Higher food prices look set to ease in second quarter
Higher grain prices and a decline in cattle slaughtering activity over the past few months have started to transmit into the prices of products consumers pay when doing their grocery shopping.
BY WANDILE SIHLOBO
Food Price Inflation
In the fourth quarter of 2020, SA’s food price inflation was on an upwards trajectory, with the December print accelerating to 6.2% year-on-year, from 5.9% year-on-year in the previous month. This is the highest rate since July 2017, when food price inflation was at 6.8% year-on-year.
SA’s food price inflation averaged 4.8% in 2020, up from 3.1% year-on-year in 2019. These are still relatively comfortable levels compared with the drought-related surge of 2016, where SA’s food price inflation averaged 10.8% year-on-year. The drivers of the increase in the headline food price inflation in the last quarter of the year were primarily bread and cereals; meat; fish; milk, eggs and cheese; and oils and fats.
Higher Grains Prices
In the case of “bread and cereals” — which consists mainly of essential products and with a weighting of 21% in the food basket — the driver of acceleration in price inflation is the higher grains prices.
While SA had its second-largest grains harvest in history in the 2019/2020 production season, and ordinarily one would have expected prices to soften, we have in fact experienced the opposite. Grains prices remained elevated on the back of strong demand for SA maize across the rest of the Southern Africa region and the Far East markets. The weaker domestic currency also added to the price increase, along with spillovers from higher global grains prices. The global grains market was primarily driven by the growing demand for grains in China. But most recently, La Nina-induced dryness in parts of Argentina and Brazil continues to support prices.
Meat, which is also an essential product in the food basket, with a 35% weighting, saw prices increasing due to various factors. Chief among them was the progressive decline in slaughtering numbers towards the end of 2020. In October 2020, sheep and cattle slaughtering was down by 22% year-on-year and 2% year-on-year, respectively.
For milk products price, there was also a seasonality factor; whereas the fats and oil prices were, in part, underpinned by the weaker domestic currency. SA remains a net importer of vegetable oils.
Now, this is all history, and the critical question is whether this upward swing in food prices could become a prolonged trend for much of this year? First, while La Nina causes dryness in South America (with a negative impact on crops), Southern Africa is the opposite. Southern Africa has been receiving higher-than-usual rainfall that has boosted crop conditions, not only in SA but across Southern Africa. This means there are expectations of a good harvest in Southern Africa.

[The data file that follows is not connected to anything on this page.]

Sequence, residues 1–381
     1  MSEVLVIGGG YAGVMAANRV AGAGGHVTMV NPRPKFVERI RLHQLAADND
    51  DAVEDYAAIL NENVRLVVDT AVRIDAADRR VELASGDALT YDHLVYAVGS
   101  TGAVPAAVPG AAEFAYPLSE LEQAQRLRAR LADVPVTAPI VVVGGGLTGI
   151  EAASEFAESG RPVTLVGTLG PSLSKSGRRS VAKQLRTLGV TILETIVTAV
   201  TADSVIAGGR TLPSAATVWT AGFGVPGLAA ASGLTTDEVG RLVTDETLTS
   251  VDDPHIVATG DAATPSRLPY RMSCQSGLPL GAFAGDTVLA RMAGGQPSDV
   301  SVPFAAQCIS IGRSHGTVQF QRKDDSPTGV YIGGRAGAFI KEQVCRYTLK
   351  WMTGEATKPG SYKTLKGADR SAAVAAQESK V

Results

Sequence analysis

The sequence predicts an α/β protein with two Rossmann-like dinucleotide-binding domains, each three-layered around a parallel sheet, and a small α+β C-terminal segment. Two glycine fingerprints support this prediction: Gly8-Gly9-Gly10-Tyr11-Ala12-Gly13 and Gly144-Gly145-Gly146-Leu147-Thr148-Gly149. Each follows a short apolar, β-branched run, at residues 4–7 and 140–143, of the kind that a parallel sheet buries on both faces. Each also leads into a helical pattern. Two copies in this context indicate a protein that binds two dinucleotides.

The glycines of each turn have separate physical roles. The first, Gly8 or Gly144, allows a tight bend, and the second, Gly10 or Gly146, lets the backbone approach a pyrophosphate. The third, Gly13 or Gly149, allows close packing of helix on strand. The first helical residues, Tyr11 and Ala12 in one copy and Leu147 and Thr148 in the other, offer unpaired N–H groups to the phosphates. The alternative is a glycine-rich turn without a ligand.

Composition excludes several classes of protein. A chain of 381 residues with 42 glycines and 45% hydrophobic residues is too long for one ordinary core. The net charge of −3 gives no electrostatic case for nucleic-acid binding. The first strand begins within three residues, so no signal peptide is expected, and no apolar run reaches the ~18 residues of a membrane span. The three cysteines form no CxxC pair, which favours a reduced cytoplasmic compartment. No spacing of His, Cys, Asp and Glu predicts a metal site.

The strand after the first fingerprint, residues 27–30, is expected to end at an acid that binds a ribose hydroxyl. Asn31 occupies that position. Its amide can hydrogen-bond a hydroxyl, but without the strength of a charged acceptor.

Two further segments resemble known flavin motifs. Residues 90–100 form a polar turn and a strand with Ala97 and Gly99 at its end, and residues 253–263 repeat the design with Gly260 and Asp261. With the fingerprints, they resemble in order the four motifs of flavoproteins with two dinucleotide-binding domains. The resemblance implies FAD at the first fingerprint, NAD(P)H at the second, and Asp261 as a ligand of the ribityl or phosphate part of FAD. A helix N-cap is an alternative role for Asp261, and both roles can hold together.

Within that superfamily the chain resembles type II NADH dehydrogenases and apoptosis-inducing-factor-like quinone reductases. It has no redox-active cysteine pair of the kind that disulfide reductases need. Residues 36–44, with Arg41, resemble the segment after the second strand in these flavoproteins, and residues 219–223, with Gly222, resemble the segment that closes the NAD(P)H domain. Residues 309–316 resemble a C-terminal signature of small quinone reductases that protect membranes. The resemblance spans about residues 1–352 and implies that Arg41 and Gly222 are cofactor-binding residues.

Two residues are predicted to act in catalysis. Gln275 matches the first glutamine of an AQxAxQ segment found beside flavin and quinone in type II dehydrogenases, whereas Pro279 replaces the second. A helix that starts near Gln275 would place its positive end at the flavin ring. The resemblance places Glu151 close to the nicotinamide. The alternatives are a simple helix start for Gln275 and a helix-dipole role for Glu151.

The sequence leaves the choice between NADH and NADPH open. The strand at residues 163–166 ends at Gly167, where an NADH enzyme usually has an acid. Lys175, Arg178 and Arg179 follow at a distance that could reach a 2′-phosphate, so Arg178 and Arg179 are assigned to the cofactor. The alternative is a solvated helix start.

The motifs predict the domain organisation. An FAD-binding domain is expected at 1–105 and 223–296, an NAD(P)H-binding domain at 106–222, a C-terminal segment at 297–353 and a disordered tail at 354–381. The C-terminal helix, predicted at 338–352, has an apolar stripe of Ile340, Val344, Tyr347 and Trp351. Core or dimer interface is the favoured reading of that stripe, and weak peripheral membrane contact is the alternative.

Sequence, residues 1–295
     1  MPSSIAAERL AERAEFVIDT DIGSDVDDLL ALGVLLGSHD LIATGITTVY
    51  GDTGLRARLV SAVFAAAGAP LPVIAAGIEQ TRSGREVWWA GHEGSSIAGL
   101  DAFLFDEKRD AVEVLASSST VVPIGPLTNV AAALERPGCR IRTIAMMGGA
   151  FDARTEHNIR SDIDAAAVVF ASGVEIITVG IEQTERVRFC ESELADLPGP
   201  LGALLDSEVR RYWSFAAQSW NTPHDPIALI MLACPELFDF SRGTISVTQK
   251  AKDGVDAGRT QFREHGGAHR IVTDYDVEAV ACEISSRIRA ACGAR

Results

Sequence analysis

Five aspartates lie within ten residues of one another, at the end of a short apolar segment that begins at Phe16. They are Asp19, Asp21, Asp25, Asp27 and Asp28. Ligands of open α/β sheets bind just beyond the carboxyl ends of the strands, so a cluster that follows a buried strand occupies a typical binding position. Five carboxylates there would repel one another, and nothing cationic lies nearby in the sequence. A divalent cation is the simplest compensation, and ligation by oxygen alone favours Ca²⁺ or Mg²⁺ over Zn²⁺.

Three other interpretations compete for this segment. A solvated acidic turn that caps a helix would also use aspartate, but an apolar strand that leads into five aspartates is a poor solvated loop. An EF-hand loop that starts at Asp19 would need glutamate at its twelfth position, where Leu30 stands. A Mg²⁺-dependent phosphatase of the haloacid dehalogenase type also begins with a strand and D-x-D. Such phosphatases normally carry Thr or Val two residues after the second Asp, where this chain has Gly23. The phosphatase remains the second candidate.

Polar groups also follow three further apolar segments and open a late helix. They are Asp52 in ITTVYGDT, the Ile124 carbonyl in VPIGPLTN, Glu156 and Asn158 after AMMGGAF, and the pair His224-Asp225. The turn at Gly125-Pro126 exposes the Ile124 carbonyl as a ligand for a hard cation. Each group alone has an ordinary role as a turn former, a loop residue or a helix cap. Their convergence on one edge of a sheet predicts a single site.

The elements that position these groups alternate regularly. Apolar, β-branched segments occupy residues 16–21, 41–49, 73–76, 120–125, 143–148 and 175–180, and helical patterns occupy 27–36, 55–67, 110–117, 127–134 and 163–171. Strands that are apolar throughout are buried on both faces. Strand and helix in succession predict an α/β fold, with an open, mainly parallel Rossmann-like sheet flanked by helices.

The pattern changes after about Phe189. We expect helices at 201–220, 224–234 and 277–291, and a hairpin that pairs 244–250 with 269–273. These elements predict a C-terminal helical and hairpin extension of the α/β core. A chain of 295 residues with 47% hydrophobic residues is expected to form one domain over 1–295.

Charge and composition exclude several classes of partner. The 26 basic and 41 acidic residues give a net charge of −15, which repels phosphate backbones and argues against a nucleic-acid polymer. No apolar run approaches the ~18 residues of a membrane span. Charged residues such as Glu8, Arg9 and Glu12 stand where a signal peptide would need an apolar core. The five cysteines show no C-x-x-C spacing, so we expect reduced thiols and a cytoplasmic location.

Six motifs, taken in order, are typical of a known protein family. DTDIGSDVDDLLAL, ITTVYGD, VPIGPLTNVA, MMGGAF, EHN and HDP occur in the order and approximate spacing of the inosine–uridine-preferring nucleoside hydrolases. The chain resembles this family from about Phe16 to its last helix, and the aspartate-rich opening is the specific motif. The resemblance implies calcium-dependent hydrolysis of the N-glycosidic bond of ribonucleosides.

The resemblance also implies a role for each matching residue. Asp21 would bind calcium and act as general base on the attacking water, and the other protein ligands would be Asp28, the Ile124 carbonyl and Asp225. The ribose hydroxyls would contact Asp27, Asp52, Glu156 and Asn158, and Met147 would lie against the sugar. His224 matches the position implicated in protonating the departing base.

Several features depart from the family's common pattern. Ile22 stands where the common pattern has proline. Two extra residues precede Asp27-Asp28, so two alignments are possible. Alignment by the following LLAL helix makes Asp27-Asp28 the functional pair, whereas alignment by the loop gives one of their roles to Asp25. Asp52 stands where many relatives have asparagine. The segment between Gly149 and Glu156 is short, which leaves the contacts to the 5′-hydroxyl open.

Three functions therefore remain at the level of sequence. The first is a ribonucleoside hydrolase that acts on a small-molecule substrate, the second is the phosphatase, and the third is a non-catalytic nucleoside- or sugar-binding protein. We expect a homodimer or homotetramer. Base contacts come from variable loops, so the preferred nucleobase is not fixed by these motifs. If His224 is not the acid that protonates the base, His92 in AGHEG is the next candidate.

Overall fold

For SA, my preliminary estimates are that we could have a maize harvest of at least 16.0million tonnes, which would overtake the 2019/2020 season’s harvest of 15.4 million tonnes and be the second largest on record (against an annual consumption of 11.4 million tonnes). Under this scenario, and improved crop harvest across Southern Africa, we could see the demand that existed in the 2019/2020 crop declining, thus taking some pressure off domestic crop prices.
All else being equal, I think SA’s grains prices could soften from around the end of February 2021, from the current highs of over R3,500 a tonne. On meat, slaughtering could slightly improve in 2021 and the base effects on poultry meats, which increased in 2020 partly as a result of an import tariff hike, could also bode well for food price inflation.
However, I am less optimistic about fats; the relatively weaker domestic currency and elevated global vegetable oil could mean that oils and fats price inflation could be slightly elevated for some time. In terms of fruits and vegetables, the good rains across the country could boost supplies and keep prices broadly steady.
Against this backdrop, I believe SA’s food price inflation could remain elevated in the first quarter of 2021, primarily underpinned by bread and cereals products (the pass-through of current higher grains prices will persist for the first quarter). But from the second quarter, we could see food price inflation decelerating somewhat. My baseline forecast is for food price inflation to average around 5% year-on-year in 2021.